I am a child of the sixties. I grew up in the Baby Boomer Generation’s era of cultural explosion, which included not only The Beatles, Warhol and the psychedelic movements but also the turmoil of the Vietnam War and the civil rights struggle. The music, art and philosophy of those times were astounding and have stayed with me. I’ll be forever inspired by the optimism of the amazing music that came from the youth culture at that time of such turbulence and social upheaval. The real answer is, my inner, acne-faced goofball 13-year-old Glenny refuses to let go of the blacklight-postered/lava lamp nirvana in my head.

Makin Waves with Glen Burtnik:

Glen Burtnik’s Summer of Love Concert features a star-studded cast of local performers. PHOTO COURTESY OF GLEN BURTNIK

Who’s in the Summer of Love band with you, and what do you enjoy most about performing with each of them?

The large cast is incredibly talented. We have our own ‘Janis Joplin,’ Christine Martucci, who always brings the house down. Classy and commanding singer Freedom Bremner is a friend I look up to. Amazing powerhouse singer-dancer JaQuita May is a force of nature to behold. Drummer Joe Bellia kicks serious ass every single show. Lead guitarist & vocalist Joe LaFragola is solid as a rock and always musically exciting. Working with super showman Remember Jones is an education in itself. The extremely versatile Reagan Richards blows me away every single show. All in the entire cast adore our beautiful violinist-singer Taylor Hope.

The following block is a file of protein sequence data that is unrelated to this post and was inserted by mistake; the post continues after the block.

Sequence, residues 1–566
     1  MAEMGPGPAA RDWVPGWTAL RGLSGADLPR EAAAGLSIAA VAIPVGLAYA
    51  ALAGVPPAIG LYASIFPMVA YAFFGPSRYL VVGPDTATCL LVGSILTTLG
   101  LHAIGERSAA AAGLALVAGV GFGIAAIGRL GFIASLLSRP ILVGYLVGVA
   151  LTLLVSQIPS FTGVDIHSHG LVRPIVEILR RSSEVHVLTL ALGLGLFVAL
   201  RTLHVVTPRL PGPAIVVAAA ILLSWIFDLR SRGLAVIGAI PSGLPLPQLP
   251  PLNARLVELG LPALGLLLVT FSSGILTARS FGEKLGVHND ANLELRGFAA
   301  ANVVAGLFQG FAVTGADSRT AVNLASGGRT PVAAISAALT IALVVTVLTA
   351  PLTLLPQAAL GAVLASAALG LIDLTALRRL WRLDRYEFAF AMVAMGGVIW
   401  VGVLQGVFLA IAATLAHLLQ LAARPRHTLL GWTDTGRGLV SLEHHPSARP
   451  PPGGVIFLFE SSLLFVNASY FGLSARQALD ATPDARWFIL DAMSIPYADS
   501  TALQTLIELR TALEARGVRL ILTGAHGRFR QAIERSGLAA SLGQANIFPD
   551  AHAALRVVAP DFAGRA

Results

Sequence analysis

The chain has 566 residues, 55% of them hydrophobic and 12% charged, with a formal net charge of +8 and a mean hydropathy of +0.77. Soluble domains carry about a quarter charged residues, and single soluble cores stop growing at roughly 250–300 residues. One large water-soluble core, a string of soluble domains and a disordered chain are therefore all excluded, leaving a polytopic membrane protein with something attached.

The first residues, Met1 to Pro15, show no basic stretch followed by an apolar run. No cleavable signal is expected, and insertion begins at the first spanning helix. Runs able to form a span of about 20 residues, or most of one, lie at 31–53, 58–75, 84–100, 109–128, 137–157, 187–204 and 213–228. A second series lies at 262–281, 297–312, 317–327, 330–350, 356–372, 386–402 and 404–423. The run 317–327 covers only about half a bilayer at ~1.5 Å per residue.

The Summer of Love Horns -- John Martin, Tommy LaBella and Rick Brunermer -- are a delight to work with. Bassist-vocalist-music director Vinny Danielle is an old friend and the glue that holds the show together. And I’d be remiss to not note our manager Tony Pallagrosi, stage manager Bob Johnson, drum tech Frank Decker, video artist Mallory Massara, as well as out revolving cast of excellent keyboardists.



 
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It’s really a family of loving, supportive players, all respectful and always pulling for each other. I am blessed to work with each of these wonderful artists.

 

Have you ever played the URSB Carteret Performing Arts & Events Center before? If so, what do you think of it? If not, what are you looking forward to?

Yes! I’ve played with Max Weinberg and really enjoyed it. It’s a great new theater, a well-designed space with very good acoustics.

 

Besides the Carteret show, what’s coming up for Summer of Love into the New Year?

More shows, more psychedelia, more flower power, more celebration of the exciting pop music of the late sixties and more peace and love.

Makin Waves with Glen Burtnik: